What bird is essentially extinct in the wild, the subject of a Special Survival Plan in the United States, and one of the few psittacine species ever to set foot in North America?
It is, of course, the Thick-billed Parrot Rbyncbopsitta pachyrhyncha. This species was endemic to northern Mexico, mostly in the highland forests, with a few venturing into the southern portions of Arizona, New Mexico and occasionally California during the colder months. However, no significant populations of this species have been sighted in the United States since the 1930s.
The Thick-billed Parrots are often lumped together with the various species of Amazon parrots, primarily because of similarity in size and coloration. The Thick-billeds, however, are generally smaller, with an average length from beak to tail of just 15 inches. Adults are green over all with a red "forehead" that extends over the top of the eyes - contrasting them from the Red-crowned Parrot Amazona virdigenalis. Additionally, they have striking red epaulettes on the shoulders. The beak is black and a bright yellow patch of feathers is found on the underside of the wings. Juvenile birds can be separated from the adults by their lack of the red eyebrow and the ivory to horn coloration of the juvenile beak. Their name comes from the fact that they have the thickest and sharpest beaks of all the parrots - capable of exerting 1,500 pounds of pressure per square inch. This allows them to slice easily through tough pinecones to reach the seeds, the parrots' main food source.
The species overall lack of color - when compared to some of the amazons and certainly to the macaws - may be one if its saving graces when it comes to commercial exploitation. A study done between 1991 and 1995 demonstrated that the Thick-billed Parrot was rarely among the birds being brought into the United States, either legally or illegally, for the pet bird trade.
As stated above, the primary habitat for these birds was in northern Mexico and occasionally the southernmost parts of the United States (Arizona, New Mexico and occasionally southern California). They seek out mountainous terrain and this has led to their downfall since their habitat is being systematically destroyed by clear cutting for both the wood from the trees and to create places for ground agricultural crops. Just 20 years ago a survey was done by a number of conservation organizations and it was found that habitat destruction, and not commercial trade, was the primary reason for the sharp declines in the population of this and other Mexican and Central American parrot species. Because of the steadily decreasing populations, this bird was placed on the U.S. Endangered Species list in 1973.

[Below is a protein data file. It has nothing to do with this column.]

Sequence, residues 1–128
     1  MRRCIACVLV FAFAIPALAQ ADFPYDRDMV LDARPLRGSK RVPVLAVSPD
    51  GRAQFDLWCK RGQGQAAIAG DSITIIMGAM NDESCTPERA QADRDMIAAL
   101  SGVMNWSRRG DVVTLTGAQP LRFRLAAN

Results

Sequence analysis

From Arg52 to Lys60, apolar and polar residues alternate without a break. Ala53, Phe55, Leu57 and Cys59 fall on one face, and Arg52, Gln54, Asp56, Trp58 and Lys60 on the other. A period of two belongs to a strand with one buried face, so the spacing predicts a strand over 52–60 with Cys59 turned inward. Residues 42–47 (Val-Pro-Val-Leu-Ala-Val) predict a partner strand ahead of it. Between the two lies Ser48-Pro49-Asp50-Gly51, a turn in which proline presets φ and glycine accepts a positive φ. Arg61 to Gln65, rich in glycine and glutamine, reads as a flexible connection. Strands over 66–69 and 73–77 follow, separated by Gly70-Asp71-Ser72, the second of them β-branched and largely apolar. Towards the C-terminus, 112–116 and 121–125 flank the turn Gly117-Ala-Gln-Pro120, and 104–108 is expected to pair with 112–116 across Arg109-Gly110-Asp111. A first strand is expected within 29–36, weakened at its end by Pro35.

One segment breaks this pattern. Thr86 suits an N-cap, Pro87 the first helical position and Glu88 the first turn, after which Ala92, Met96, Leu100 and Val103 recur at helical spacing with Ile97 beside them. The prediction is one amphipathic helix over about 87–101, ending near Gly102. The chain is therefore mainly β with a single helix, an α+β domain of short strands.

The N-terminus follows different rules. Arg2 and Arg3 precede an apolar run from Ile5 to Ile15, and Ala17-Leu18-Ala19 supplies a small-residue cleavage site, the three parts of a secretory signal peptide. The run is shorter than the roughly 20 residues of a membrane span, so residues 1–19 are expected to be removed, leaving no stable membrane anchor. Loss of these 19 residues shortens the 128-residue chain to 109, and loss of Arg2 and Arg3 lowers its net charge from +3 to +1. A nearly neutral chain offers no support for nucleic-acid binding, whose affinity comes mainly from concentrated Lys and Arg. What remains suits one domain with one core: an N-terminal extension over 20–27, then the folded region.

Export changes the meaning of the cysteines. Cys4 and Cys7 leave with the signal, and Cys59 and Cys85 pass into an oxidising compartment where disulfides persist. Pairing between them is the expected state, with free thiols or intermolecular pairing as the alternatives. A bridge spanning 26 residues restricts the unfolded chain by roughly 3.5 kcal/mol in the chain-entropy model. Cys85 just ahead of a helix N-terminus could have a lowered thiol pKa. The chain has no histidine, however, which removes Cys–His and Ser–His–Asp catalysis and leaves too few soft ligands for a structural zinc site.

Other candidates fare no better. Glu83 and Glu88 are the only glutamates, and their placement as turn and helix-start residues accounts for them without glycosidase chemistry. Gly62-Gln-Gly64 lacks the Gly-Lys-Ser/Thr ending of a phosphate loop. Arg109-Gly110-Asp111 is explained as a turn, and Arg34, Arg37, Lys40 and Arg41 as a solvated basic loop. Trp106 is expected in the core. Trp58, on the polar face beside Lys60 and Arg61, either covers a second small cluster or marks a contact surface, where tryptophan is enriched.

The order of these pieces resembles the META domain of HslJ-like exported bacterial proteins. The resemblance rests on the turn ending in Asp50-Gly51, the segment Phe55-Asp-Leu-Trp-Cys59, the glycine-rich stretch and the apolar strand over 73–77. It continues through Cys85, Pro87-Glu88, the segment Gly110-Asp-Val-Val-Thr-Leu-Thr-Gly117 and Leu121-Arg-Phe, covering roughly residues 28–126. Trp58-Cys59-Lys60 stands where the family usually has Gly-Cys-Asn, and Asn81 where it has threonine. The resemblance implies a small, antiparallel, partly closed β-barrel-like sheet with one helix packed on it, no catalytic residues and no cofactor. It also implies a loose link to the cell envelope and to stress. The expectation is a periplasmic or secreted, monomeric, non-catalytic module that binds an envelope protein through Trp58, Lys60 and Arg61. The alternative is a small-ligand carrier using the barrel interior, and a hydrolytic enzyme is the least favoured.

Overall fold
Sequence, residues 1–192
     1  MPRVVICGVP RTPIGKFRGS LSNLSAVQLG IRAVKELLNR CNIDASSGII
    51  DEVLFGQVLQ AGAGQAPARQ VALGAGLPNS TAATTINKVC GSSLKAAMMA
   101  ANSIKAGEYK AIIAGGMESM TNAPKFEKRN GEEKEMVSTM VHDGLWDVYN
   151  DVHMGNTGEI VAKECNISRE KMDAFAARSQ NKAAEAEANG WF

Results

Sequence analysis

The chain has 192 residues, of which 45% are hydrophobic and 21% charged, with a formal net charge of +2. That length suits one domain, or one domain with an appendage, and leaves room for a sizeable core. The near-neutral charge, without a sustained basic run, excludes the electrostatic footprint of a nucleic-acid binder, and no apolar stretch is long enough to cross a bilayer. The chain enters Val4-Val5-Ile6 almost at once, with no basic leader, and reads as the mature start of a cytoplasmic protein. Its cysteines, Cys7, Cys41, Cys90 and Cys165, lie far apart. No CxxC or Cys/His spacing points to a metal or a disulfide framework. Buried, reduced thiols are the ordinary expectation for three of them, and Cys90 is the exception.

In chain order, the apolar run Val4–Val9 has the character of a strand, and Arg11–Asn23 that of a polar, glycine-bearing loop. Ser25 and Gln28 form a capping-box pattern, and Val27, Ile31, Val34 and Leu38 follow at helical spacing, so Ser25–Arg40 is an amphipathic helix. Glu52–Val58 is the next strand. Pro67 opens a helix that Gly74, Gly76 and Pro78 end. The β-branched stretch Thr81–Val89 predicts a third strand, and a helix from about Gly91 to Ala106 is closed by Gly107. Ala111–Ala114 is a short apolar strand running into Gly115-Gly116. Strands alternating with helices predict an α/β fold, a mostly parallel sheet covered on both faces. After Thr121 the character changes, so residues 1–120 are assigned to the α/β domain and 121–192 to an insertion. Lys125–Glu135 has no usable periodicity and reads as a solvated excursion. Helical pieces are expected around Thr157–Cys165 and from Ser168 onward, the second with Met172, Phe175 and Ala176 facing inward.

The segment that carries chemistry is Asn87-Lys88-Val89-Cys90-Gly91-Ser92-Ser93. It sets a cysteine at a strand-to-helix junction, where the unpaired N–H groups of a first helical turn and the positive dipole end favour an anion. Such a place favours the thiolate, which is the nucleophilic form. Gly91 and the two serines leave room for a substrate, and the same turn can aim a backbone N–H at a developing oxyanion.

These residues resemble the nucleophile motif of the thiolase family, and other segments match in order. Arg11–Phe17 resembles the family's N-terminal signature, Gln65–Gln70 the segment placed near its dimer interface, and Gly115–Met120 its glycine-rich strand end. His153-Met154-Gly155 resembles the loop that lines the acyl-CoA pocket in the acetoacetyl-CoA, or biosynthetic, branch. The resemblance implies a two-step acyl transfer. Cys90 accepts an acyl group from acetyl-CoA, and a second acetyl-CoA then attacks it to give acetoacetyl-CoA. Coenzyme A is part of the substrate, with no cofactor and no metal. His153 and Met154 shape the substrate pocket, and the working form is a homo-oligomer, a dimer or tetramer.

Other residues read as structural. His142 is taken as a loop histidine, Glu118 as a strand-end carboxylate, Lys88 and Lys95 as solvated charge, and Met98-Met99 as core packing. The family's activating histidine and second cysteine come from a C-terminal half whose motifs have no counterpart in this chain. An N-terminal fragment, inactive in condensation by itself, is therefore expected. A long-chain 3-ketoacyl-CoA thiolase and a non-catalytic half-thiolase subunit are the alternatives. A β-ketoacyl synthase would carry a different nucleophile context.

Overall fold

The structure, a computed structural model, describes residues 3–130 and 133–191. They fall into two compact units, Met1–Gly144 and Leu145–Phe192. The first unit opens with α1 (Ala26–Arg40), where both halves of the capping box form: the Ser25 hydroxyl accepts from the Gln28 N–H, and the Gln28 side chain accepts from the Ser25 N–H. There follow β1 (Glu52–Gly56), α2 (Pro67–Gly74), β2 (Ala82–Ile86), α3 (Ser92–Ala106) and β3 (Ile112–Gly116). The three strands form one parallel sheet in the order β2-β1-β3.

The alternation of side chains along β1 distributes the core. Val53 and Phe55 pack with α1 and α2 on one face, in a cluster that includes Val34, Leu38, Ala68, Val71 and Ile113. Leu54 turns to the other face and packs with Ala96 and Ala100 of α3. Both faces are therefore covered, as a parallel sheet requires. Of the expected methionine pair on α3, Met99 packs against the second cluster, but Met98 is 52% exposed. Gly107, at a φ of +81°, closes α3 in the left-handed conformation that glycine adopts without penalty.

On a more positive note, the nesting sites of half of the remaining western Thick-billed Parrots in the world are now protected by a conservation agreement entered into by a land cooperative in Northern Mexico. The Tucson based Wildlands Project and five Mexican conservation groups agreed to protect 6,000 acres of old growth forest in the Sierra Madre Occidental mountains of northern Chihuahua, about 150 miles south of the U.S. border. Without the agreement, logging of the area was set to commence within the next two years.
The agreement was made with members of the Ejido Cebadillas, a 40,000 acre land cooperative. A spokesperson for the Wildlands Project stated that no one has ever made a land protection deal with an Ejido before. "This was a negotiation solely between conservation groups and all
74 private members of the cooperative." There was no official government involvement even though U.S., Mexican and Canadian governmental representatives attended meetings where the negotiations took place.
The concept behind the agreement is to protect the lands and demonstrate to Mexican landowners that income from conservation can equal or surpass that from logging. The money, approximately $250,000 US will come from The Wildlands Project, a nonprofit organization with headquarters in Tucson. The agreement will pay Ejido members 50 percent of the net value of the uncut timber within the protected area over the next 15 years. The Wildlands Project will fund a forest study for the remainder of the cooperatives' land, which will hopefully result in a sustainable logging plan.
Species Survival Program
Currently the American Zoological Association administers 90 Species Survival Programs (SSPs) for approximately 118 different species of birds, reptiles, and mammals at zoos and aquariums throughout North America. The Thick-billed Parrot is one of the birds included in this program. The Thick-billed SSP provides funding for research in Mexico to insure the survival of the parrot within its historic range. Additionally, the SSP maintains a captive/managed population at a number of U.S. zoos. This captive breeding program has as its goal to increase knowledge of Thick-billed Parrot biology, increase the number of birds available for potential release, and educate the public about the plight of these birds that used to be a part of American fauna.
The basic concept behind the SSP is to breed the birds in a controlled captive breeding program to ready them and/ or their offspring for eventual release into the wild.
The current studbook keeper for the Thick-billed Parrot is Susan Healy at the Sacramento Zoo in Sacramento, California. She can be reached at (916) 264-5013. More general information about these birds and the SSP can be found at the AZA web site located at www.aza.org/programs.